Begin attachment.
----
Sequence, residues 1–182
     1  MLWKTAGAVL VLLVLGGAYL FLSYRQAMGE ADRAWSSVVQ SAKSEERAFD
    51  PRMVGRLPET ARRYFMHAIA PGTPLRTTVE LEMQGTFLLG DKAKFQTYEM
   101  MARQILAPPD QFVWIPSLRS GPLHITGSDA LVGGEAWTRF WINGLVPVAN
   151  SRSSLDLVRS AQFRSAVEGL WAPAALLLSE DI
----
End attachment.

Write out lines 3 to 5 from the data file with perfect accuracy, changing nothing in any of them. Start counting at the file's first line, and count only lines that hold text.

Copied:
    51  PRMVGRLPET ARRYFMHAIA PGTPLRTTVE LEMQGTFLLG DKAKFQTYEM
   101  MARQILAPPD QFVWIPSLRS GPLHITGSDA LVGGEAWTRF WINGLVPVAN
   151  SRSSLDLVRS AQFRSAVEGL WAPAALLLSE DI